It seems like an obvious question, but why Kevin Smith as opposed to other
geek-centric directors?

Kevin Smith is a filmmaker that is very polarizing, either you love him or you hate him. And the folks that hate him are very visceral. In the case of Ralph, he hates Smith and doesn't like his films. However, he realizes that some people like his work and fund his films. And, like I said before, he is very approachable and accessible to people, making him an easy target for these bad guys. Plus I love Kevin Smith's work and this kinda my way to pay homage to him.How did Michael Allred end up providing cover art for the project?

I simply backed a boat full of gold and original Toth art up to the Allred house and Mike said yes! All kidding aside, over the years I have become friends with Mike through his message board, e-mails and interactions at different comic events. He is a very genuine and kind person, so it's easy to build a relationship with him. "Kidnapping Kevin Smith" is a self-published book, and I knew I needed to make it stand out on the shelf. Mike and Laura Allred's work is always eye catching and stands above many books out there. I contacted Mike and asked him if he would consider drawing the cover to my book. Much to my excitement, he said yes and asked me to sketch up some ideas. He took my scribbles and turned them into a great piece of art, then Laura added colors, which are like french vanilla ice cream on an already delicious piece of apple pie!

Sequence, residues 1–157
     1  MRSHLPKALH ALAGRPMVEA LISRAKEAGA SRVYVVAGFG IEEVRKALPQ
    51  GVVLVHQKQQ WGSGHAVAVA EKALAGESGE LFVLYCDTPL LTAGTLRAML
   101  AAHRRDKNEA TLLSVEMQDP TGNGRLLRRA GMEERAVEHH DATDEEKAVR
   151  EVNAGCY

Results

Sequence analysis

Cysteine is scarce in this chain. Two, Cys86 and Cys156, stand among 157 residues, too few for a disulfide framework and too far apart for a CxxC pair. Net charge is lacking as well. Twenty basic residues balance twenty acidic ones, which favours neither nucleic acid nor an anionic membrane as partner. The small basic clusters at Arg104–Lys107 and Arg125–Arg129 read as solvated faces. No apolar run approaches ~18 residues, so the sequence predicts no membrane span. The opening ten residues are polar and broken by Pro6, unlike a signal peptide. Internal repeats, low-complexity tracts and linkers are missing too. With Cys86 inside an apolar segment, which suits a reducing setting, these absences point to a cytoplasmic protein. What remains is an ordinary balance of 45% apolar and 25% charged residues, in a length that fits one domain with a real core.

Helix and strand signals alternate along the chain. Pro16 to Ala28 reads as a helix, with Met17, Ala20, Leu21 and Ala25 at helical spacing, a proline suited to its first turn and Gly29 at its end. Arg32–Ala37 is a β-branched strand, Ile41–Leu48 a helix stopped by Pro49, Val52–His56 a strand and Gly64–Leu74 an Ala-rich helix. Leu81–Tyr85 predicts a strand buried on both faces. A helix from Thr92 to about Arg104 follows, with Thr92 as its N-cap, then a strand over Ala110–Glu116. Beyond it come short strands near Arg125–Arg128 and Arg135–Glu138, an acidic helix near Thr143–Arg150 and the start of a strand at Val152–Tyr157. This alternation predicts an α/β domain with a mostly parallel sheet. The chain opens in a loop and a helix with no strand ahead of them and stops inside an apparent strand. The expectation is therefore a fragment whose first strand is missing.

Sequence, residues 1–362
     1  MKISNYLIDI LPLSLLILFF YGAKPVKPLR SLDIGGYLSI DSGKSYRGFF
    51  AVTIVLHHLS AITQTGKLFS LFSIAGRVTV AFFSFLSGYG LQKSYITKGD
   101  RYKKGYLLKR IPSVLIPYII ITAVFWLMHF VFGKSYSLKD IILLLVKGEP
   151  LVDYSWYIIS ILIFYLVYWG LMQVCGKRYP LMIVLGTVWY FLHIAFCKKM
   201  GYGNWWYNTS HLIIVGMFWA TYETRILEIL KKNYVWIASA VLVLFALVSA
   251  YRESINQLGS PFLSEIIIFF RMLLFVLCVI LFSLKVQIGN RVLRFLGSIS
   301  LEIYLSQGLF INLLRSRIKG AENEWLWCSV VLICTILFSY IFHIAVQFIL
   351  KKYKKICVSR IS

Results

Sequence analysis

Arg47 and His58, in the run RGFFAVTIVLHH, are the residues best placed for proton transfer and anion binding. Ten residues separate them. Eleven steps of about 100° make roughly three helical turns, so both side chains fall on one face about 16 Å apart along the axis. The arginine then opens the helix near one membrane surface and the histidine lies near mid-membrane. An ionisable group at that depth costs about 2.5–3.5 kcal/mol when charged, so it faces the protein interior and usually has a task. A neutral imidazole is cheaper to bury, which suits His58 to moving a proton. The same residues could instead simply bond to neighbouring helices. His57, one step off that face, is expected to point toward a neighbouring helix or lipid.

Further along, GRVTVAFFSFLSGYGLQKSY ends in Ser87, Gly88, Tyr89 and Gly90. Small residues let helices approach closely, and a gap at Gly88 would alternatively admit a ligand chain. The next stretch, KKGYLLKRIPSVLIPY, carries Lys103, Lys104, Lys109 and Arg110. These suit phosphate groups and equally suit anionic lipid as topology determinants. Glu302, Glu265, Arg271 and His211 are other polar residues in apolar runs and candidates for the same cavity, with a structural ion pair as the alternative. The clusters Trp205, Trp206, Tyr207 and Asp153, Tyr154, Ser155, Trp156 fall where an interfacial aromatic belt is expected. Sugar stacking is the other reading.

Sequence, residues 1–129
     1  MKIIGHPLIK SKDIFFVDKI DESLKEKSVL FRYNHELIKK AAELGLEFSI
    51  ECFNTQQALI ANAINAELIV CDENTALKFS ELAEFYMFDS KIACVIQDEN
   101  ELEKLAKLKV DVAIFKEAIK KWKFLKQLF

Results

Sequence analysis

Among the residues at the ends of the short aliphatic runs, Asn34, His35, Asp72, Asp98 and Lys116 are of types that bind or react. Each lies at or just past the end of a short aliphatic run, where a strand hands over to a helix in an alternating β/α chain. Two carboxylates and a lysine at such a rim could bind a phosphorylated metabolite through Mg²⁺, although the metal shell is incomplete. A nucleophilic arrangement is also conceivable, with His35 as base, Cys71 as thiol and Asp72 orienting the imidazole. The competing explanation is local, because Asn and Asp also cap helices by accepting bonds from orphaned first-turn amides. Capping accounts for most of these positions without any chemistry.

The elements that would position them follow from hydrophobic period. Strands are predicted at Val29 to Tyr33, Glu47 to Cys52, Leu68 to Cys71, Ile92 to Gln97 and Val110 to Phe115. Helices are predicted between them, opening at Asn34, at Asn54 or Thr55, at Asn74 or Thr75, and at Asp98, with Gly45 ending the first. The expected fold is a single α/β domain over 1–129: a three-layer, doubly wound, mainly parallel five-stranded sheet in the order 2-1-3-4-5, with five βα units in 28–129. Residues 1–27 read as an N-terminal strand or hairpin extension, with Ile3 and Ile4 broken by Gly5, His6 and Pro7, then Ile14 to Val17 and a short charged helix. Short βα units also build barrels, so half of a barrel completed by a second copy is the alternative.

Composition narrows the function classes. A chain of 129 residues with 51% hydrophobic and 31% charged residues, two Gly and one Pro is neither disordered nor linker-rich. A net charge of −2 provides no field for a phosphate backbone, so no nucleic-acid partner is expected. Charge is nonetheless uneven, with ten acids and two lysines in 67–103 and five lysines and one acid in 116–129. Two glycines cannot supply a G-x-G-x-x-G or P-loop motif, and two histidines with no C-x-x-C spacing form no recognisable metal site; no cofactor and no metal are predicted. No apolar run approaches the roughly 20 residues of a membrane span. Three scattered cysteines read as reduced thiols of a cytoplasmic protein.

Out of curiosity, since this has been solicited, has Kevin Smith responded at all to the idea that you've written a book about kidnapping him?

Before I started this project, I e-mailed him and asked for his permission to do this story. He said to go for it! Last year at Comic Con , I gave him a copy of the work in progress, he said it looked good. And then a few weeks back, on his and Ralph Garmen's podcast "Hollywood Babble On," they talked about it. So, while he hasn't personally contacted me and said what he thinks of it, he is aware of it and said it looks cool.

How is Kevin Smith characterized in the book?

I listen to Smith's SModcast, Jay and Silent Bob Get Old, and Plus One podcasts every week, and after doing so for a long time, you kinda get a feel for his personality. In the book, he's laid back and easy going. He tries to make the best out of a bad situation. And he smokes a lot of pot!

It says in the solicitation blurb that Kevin is able to reach out to his fans to free himself -- how do the fans respond to the idea that the director has been kidnapped?

Kevin Smith's fan base was a big reason I wanted to use Kevin Smith as a character and not a generic, Smith-type character. Kevin Smith's fans follow his rants on Twitter, listen to hours upon hours of podcasts, stand in line forever to ask a question at an appearance; they are dedicated. So, the fans in the book react the way a dedicated fanbase would -- they take action!

"Kidnapping Kevin Smith" is solicited in the June issue of "Previews" with the Diamond Order Code JUN111215